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Federal Communications Commission
Washington, D.C. 20554
In the Matter of )
Twenty-One Sound Communications, Inc. )
File Number EB-05-KC-017
Licensee, KNSX(FM) )
NAL/Acct. No. 200532560002
Facility ID: 68579 )
Steelville, MO )
Florissant, MO )
ORDER ON REVIEW
Adopted: February 6, 2008 Released: February 8, 2008
By the Commission:
1. In this Order on Review ("Order on Review"), we deny the application
for review filed by Twenty-One Sound Communications, Inc. ("Twenty-One
Sound"), pursuant to Section 1.115 of the Commission's Rules
("Rules"). Twenty-One Sound seeks review of the Enforcement Bureau's
("Bureau") Memorandum Opinion and Order denying Twenty-One Sound's
petition for reconsideration of a Forfeiture Order issued July 27,
2005. The Forfeiture Order imposed a monetary forfeiture in the amount
of $18,000 on Twenty-One Sound for the willful and repeated violation
of Sections 11.35(a), 73.1125(a), and 73.3526(a) of the Commission's
Rules ("Rules"). The noted violations involved Twenty-One Sound's
failure to maintain Emergency Alert System ("EAS") equipment in
operational readiness condition, failure to maintain a main studio in
compliance with the Rules, and failure to maintain a complete public
2. In its Application for Review, Twenty-One Sound reiterates past
arguments raised at the Bureau level. We find that these arguments
were fully and correctly addressed in the Bureau's Order, but we take
the opportunity to elaborate on certain issues below. Twenty-One Sound
also provides new statements that were not raised at the Bureau level.
The Commission's Rules, however, provide that: "No application for
review will be granted if it relies on questions of fact ... upon
which the designated authority has been afforded no opportunity to
pass." We find that Twenty-One Sound has not demonstrated good cause
to waive this Rule. Nevertheless, as described below, we find that
Twenty-One Sound's new arguments lack merit.
3. Twenty-One Sound argues that its violations were not willful, as the
station's owner did not intend to violate the Rules. The station's
owner asserts that he has great respect for the Commission and the
federal government and love of radio and that he would never
intentionally violate the Rules. The Communications Act of 1934, as
amended, specifically provides, however, that a violator may commit a
willful violation, without intending to violate the Rules. By
concluding that Twenty-One Sound willfully and repeatedly violated the
Rules, the Bureau in no way impugned the character, motives,
patriotism, or love of radio of Twenty-One Sound's owner.
4. Regarding the main studio violation, Twenty-One Sound again asserts
that the guard on duty during the inspection on March 1, 2005 was the
station's manager. However, according to the Bureau's records of the
inspection, that guard stated, in the presence of the station owner,
that he was not part of station management. In a statement attached to
Twenty-One Sound's application for review, the station owner asserted
for the first time that he did not hear this statement and that, if he
had, he would have promptly corrected the guard. The fact that the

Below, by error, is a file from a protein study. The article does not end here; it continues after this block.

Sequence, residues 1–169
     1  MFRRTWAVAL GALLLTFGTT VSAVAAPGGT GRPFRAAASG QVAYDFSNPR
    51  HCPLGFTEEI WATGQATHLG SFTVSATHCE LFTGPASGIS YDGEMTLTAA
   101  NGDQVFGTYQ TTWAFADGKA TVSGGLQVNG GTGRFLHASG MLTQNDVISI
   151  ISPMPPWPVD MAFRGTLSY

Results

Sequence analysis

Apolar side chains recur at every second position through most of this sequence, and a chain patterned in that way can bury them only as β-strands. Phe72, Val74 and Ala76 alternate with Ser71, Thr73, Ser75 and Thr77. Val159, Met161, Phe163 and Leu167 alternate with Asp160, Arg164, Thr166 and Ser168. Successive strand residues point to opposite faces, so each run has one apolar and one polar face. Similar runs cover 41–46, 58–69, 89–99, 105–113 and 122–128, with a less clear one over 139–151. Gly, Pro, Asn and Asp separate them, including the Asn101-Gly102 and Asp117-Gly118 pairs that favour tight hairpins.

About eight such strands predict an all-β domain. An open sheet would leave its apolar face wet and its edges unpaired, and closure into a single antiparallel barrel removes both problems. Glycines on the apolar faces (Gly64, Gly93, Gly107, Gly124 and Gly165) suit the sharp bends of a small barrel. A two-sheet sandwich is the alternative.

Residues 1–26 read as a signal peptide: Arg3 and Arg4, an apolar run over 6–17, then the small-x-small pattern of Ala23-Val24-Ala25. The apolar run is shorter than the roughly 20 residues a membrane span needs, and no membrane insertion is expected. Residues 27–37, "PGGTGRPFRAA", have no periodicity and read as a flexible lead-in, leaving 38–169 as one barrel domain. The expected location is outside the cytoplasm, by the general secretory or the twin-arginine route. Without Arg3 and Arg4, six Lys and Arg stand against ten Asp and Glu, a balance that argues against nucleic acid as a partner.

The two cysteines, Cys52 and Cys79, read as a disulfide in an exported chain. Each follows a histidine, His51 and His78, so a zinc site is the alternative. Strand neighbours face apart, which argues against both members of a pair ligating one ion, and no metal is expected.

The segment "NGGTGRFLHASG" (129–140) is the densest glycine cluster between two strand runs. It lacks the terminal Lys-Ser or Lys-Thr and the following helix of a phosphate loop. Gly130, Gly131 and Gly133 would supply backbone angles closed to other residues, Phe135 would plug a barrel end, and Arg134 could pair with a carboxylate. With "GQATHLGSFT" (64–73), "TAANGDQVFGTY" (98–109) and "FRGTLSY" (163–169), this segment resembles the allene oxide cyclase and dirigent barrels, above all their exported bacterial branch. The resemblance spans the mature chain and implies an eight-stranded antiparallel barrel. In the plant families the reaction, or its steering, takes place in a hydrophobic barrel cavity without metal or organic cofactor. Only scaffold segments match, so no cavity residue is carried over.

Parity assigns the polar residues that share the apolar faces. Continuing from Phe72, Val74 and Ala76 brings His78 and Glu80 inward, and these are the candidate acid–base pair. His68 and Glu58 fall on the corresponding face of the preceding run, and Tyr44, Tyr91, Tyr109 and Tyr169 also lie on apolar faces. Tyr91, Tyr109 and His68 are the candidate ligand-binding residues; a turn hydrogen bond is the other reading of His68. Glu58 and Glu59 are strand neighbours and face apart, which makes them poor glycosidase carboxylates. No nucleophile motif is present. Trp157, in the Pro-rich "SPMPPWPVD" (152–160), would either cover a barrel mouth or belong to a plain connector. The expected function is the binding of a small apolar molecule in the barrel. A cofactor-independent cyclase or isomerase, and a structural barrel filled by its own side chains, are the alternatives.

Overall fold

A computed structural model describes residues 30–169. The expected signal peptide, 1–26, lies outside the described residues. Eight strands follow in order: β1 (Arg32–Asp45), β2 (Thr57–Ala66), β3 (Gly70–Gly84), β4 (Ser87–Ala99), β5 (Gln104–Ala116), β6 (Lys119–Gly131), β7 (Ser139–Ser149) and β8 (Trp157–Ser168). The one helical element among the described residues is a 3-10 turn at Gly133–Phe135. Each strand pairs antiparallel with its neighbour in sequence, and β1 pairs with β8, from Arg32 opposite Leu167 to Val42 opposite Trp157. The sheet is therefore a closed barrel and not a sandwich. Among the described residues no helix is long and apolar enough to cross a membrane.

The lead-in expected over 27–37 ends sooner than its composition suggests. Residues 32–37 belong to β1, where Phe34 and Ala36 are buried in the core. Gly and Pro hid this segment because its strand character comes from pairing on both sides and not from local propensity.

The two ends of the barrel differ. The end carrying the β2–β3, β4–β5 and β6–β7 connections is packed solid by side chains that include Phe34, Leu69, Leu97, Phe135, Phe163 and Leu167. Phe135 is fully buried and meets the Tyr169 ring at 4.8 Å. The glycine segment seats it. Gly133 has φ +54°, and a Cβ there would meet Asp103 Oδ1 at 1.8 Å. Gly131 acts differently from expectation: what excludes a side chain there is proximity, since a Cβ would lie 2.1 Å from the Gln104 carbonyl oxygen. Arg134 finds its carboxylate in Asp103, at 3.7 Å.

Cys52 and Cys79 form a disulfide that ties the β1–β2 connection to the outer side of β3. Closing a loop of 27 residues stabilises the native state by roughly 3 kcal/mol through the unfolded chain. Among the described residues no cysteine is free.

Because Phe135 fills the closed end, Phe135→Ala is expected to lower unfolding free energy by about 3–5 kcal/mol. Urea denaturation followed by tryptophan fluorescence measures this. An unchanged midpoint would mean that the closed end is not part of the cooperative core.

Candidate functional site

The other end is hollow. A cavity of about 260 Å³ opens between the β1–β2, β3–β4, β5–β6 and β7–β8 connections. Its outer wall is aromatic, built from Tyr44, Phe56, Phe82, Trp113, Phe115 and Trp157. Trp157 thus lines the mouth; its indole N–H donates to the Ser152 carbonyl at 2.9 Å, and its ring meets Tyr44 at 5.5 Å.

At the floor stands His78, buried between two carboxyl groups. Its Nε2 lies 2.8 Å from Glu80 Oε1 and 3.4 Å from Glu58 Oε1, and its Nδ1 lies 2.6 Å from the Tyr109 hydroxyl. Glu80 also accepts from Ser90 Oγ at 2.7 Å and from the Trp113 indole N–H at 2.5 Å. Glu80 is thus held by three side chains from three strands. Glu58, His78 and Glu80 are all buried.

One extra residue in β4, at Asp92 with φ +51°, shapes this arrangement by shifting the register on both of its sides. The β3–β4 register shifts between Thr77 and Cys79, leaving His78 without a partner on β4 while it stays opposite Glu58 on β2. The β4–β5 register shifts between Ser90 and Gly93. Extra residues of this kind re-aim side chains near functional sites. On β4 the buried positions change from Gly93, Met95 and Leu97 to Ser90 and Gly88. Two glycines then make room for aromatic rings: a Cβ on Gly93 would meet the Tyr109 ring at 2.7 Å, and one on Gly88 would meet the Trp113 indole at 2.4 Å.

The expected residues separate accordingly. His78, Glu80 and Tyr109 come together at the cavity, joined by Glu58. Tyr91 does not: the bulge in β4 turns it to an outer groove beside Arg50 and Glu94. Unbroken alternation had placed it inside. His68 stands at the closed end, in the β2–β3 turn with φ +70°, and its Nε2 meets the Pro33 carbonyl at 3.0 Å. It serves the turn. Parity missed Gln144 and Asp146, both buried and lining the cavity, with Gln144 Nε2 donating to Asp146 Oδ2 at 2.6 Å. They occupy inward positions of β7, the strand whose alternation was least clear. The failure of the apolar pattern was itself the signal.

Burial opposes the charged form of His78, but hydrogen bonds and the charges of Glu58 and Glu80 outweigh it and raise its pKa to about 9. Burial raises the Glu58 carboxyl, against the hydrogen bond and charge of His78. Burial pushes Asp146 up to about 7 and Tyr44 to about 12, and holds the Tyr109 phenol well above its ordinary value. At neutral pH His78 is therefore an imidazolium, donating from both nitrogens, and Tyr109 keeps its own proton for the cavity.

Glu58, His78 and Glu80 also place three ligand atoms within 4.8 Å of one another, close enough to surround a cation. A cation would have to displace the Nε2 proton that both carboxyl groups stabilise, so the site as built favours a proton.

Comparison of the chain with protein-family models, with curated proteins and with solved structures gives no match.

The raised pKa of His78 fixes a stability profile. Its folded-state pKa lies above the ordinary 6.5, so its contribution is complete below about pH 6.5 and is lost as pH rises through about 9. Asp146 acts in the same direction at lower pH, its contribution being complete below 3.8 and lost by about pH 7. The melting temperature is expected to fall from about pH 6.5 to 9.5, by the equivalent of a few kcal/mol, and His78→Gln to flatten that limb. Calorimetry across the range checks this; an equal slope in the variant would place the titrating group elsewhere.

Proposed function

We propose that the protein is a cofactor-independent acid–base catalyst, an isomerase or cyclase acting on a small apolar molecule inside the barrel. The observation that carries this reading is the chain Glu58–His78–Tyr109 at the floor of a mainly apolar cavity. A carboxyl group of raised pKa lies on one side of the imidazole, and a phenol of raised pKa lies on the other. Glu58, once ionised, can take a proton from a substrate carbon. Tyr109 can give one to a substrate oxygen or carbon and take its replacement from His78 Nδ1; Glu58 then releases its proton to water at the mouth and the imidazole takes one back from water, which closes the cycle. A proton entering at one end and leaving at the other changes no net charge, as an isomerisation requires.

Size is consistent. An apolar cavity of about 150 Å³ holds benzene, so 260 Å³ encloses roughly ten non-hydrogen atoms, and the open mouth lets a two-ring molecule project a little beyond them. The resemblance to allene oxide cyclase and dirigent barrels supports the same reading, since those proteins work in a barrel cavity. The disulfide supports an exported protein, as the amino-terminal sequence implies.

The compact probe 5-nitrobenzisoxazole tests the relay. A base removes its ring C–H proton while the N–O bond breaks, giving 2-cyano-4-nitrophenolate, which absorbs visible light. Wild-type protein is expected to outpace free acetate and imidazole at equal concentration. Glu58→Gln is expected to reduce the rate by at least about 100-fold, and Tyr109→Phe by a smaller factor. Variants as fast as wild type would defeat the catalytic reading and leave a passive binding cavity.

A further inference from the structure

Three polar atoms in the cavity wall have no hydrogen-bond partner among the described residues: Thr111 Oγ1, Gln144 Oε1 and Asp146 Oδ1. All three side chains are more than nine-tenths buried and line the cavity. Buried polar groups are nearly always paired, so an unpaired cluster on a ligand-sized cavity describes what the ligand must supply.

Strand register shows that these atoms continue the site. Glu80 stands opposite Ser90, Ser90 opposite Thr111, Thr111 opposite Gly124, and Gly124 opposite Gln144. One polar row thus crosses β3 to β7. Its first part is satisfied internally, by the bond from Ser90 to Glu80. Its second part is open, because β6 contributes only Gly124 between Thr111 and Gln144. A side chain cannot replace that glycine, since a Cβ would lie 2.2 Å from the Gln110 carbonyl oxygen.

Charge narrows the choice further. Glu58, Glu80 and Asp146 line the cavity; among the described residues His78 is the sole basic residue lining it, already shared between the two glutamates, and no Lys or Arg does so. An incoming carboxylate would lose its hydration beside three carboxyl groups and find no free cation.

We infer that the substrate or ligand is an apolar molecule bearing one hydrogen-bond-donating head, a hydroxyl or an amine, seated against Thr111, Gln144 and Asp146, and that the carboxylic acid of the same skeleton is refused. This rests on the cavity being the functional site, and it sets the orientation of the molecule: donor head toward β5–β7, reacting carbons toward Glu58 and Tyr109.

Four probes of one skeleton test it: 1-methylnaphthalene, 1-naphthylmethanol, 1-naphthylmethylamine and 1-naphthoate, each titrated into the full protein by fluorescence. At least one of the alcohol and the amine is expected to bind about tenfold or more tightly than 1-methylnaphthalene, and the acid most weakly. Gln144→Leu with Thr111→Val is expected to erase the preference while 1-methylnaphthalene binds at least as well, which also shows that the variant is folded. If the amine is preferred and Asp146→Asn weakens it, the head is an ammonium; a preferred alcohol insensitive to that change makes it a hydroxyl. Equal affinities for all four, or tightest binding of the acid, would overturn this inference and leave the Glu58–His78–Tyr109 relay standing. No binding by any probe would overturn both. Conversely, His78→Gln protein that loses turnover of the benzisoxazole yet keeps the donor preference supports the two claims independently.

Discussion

guard made this statement in the presence of the station owner was
included in the Forfeiture Order, yet Twenty-One Sound failed to raise
its current assertion in its petition for reconsideration of the
Forfeiture Order. Accordingly, Twenty-One Sound is barred from raising
this issue of fact in its Application for Review, and we conclude that
the Bureau did not err in finding that Twenty-One Sound failed to
maintain a full-time managerial presence at its main studio.
5. Moreover, Twenty-One Sound asserts for the first time in its
application for review that the station's main studio was housed in
the transmitter building, not the guard shack previously identified as
the main studio. In the Notice of Apparent Liability, the Kansas City
Office of the Bureau acknowledged that the station transmitter site
was capable of maintaining program transmission capability, but
explained that the owner did not identify the transmitter site as the
main studio. The station owner admitted on March 1, 2005 (and his
statement in the application for review does not contradict this prior
admission) that the transmitter site was unattended. Although
Twenty-One Sound cannot maintain that the transmitter building was its
main studio consistent with Section 1.115(c) of the Rules, even
assuming it could, Twenty-Sound's failure to maintain a full-time
managerial presence at the transmitter building also would constitute
a violation of Section 73.1125 of the Rules.
6. Failure to maintain a full-time managerial presence at a main studio
by itself constitutes a violation of Section 73.1125(a) of the Rules.
However, the Bureau also found that Twenty-One Sound failed to equip
the guard shack/main studio with production and transmission
facilities that meet applicable standards and failed to maintain
continuous program transmission capability in violation of Section
73.1125(a) of the Rules. Twenty-One Sound acknowledges that the guard
shack/main studio did not contain any production or transmission
equipment or a microphone. Twenty-One Sound again asserts that the
transmitter could be controlled or turned on and off via any telephone
or Internet DSL and that the guard on duty knew how to control the
station's transmitter but was flustered by the inspection. Regardless
of whether the guard on duty was flustered or otherwise incapacitated,